October 10, 2018
Chris McGrath/Getty Images

Several high-ranking U.S. officials, including Vice President Mike Pence and Secretary of State Mike Pompeo plus a bipartisan group of senators and House members, have expressed alarm over the disappearance of U.S.-based Saudi journalist Jamal Khashoggi last week. Khashoggi disappeared Oct. 2 during a visit to the Saudi consulate in Istanbul, and Turkish authorities say they believe Saudi Arabia killed and dismembered or abducted the journalist, who's been critical of the Saudi government and powerful Crown Prince Mohammed bin Salman. The Saudis deny this.

On Tuesday night, Khashoggi's fiancée, Hatice Cengiz, implored President Trump in an op-ed in The Washington Post, Khashoggi's employer, to "help shed some light on Jamal's disappearance." But Trump said he's in the dark like everyone else. "I know nothing, I know what everybody else knows," the president said Tuesday. He said he hasn't spoken to the Saudis about the disappearance yet, but he will "at some point." On Monday, Trump said he doesn't "like hearing about it, and hopefully that will sort itself out." Trump's "almost blasé tenor has concerned press advocates," who warn that his seeming disinterest in the case will be seen by the Saudis as a green light to continue targeting journalists and dissidents, Politico reports.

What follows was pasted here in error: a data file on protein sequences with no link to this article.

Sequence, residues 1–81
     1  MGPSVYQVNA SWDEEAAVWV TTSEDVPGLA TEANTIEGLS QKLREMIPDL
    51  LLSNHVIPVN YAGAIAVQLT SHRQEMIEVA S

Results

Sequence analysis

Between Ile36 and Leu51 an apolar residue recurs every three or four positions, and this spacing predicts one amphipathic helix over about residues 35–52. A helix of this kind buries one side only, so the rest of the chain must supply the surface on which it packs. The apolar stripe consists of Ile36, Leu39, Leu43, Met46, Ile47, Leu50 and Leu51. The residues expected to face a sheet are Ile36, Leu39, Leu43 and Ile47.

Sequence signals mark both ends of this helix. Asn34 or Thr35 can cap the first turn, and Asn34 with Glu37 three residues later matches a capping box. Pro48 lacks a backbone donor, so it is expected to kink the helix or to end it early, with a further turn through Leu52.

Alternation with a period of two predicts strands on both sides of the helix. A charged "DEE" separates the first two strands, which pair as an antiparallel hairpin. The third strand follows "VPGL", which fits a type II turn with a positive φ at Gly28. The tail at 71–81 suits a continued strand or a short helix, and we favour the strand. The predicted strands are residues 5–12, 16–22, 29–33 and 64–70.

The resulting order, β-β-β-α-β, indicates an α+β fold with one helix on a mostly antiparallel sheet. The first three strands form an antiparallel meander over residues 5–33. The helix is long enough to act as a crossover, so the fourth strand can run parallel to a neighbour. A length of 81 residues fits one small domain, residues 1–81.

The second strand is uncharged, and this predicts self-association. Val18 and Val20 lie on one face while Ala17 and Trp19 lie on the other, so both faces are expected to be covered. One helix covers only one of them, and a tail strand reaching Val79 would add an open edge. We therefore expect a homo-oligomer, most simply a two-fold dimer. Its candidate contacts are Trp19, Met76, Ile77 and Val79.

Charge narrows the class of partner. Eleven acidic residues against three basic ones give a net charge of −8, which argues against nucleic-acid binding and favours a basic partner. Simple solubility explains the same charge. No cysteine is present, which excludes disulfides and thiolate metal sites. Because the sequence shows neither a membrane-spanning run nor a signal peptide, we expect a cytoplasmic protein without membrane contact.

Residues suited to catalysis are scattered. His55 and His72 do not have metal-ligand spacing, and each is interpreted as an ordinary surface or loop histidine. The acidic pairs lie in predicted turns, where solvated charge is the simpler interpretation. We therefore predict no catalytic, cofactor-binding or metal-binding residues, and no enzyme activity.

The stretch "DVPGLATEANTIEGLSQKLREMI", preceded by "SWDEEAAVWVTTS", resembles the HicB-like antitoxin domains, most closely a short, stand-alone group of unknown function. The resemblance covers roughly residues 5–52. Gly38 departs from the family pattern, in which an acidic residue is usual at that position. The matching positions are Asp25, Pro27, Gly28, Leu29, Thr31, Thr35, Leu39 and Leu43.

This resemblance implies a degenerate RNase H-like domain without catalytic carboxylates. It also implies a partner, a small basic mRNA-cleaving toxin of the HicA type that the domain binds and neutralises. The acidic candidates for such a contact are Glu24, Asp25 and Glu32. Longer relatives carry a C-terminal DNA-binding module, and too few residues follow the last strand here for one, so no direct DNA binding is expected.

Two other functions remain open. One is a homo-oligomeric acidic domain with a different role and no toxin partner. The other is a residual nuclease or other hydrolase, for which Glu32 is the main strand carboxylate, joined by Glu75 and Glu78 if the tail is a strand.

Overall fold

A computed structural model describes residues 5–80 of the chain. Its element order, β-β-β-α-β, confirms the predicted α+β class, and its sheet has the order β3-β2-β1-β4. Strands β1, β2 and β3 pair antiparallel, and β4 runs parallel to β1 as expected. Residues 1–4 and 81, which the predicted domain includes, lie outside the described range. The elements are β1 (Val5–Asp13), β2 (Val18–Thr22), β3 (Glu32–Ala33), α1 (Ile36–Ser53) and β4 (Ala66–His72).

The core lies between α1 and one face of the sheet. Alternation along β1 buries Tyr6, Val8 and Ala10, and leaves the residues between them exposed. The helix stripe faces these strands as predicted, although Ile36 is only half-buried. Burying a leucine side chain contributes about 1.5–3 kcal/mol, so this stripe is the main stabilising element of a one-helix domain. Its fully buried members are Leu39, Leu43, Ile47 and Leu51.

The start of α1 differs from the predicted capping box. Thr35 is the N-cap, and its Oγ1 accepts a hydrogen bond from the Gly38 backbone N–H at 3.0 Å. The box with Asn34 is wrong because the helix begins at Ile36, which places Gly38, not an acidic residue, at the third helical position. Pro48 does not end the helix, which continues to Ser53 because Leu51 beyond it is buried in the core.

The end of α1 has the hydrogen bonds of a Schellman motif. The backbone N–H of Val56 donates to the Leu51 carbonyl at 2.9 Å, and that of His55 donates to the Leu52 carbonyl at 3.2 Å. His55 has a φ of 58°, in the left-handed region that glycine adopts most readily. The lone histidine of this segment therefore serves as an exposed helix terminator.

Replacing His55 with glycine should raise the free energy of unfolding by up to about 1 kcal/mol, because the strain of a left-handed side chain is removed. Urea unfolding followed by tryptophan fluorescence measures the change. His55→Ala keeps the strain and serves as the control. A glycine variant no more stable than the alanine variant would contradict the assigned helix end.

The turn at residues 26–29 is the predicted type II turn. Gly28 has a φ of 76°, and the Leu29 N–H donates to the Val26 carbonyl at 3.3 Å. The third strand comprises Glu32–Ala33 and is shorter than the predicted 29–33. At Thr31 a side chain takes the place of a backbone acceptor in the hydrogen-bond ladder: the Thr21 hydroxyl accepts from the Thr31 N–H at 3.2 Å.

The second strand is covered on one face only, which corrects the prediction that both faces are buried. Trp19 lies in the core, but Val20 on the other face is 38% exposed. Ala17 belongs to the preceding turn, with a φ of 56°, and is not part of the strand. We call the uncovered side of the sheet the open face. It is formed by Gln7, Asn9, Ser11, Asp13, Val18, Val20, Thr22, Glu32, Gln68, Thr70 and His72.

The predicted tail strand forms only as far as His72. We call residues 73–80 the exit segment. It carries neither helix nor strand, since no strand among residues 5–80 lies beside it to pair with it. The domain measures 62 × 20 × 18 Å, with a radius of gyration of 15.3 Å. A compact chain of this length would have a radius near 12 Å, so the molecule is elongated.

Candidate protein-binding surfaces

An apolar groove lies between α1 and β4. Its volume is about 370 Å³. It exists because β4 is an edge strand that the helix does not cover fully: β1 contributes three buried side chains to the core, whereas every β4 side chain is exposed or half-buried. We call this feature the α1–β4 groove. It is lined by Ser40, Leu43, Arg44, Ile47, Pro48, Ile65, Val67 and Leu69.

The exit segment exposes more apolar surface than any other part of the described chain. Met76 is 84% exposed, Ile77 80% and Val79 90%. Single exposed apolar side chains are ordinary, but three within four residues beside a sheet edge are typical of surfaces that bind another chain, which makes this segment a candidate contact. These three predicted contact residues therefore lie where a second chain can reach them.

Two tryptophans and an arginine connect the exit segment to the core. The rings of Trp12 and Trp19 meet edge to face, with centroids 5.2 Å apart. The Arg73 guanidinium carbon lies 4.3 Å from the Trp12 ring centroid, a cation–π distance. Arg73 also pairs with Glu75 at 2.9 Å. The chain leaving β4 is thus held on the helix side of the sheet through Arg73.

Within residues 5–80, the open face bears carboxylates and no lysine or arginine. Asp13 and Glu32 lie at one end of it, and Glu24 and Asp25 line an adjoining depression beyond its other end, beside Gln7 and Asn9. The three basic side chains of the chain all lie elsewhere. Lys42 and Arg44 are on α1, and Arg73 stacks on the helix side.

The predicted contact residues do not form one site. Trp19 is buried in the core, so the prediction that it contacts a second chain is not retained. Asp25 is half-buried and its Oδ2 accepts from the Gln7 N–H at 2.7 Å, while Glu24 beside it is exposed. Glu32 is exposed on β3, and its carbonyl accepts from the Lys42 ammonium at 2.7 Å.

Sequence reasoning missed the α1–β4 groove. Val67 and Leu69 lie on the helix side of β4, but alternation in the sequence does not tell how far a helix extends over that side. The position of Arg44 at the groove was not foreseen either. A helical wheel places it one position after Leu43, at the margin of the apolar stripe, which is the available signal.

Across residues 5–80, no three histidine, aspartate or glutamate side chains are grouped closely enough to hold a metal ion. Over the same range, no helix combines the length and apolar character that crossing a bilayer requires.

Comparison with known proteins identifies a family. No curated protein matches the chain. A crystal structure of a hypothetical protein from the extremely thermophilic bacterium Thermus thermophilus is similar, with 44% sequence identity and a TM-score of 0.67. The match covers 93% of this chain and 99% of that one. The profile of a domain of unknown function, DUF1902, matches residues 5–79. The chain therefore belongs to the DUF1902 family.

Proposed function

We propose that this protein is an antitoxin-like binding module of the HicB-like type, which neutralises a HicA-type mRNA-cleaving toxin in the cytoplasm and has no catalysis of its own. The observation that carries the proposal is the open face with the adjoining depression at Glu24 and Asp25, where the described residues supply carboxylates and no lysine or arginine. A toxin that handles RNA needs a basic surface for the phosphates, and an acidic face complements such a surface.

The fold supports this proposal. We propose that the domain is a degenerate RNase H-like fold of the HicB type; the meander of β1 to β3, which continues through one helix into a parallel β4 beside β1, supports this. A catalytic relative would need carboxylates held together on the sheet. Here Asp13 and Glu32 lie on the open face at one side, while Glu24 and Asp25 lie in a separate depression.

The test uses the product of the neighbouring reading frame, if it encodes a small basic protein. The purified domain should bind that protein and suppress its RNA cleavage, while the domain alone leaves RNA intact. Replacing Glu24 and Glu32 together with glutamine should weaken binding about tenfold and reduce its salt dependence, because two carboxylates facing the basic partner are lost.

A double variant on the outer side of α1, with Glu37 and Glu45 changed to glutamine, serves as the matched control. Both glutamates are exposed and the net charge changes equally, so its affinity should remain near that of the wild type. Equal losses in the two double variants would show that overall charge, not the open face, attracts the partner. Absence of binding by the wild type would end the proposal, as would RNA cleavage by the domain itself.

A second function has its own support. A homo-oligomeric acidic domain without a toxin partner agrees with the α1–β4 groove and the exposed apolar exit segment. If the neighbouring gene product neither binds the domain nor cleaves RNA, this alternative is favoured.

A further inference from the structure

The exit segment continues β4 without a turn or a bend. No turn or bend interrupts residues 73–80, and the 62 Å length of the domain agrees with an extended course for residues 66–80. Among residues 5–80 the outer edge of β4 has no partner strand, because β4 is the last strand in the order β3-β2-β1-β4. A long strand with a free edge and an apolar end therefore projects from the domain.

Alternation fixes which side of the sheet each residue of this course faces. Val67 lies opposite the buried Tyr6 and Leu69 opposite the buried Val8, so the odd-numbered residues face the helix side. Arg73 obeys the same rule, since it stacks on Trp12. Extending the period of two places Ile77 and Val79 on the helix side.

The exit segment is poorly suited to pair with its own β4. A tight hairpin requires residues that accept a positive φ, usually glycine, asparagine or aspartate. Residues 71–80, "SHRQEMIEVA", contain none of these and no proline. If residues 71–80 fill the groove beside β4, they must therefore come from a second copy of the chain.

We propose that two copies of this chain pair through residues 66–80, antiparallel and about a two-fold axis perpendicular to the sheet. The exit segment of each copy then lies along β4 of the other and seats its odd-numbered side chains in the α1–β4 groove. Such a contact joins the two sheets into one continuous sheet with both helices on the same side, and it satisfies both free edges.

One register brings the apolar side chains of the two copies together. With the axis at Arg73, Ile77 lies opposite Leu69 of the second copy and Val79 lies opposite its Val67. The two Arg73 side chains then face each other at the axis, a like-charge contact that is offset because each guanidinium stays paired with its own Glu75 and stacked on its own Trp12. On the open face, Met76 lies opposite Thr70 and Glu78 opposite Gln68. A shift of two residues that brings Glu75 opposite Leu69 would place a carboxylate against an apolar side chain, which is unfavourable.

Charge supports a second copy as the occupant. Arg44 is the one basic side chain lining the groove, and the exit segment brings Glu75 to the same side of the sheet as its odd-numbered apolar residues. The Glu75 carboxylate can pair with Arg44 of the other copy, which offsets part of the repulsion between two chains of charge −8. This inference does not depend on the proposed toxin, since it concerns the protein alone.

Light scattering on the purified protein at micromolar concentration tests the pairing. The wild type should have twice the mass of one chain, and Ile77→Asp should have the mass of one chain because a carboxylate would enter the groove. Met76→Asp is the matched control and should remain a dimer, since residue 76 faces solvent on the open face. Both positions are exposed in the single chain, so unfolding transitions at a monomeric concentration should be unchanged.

Turkish officials are taking the lead on investigating Khashoggi's disappearance, and while they haven't been able to find security camera footage of him leaving the building and the Saudis have not provided any proof he ever did, Turkish police do have footage of a Mercedes Vito van with tinted windows that entered and left the Saudi consulate hours after Khashoggi entered. The footage of the van has led investigators to "examine the possibility that — alive or dead — the journalist was spirited away," The Wall Street Journal reports, citing two Turkish officials briefed on the probe. "Before Khashoggi's disappearance," the Post reports, "U.S. intelligence intercepted communications of Saudi officials discussing a plan to capture him." Peter Weber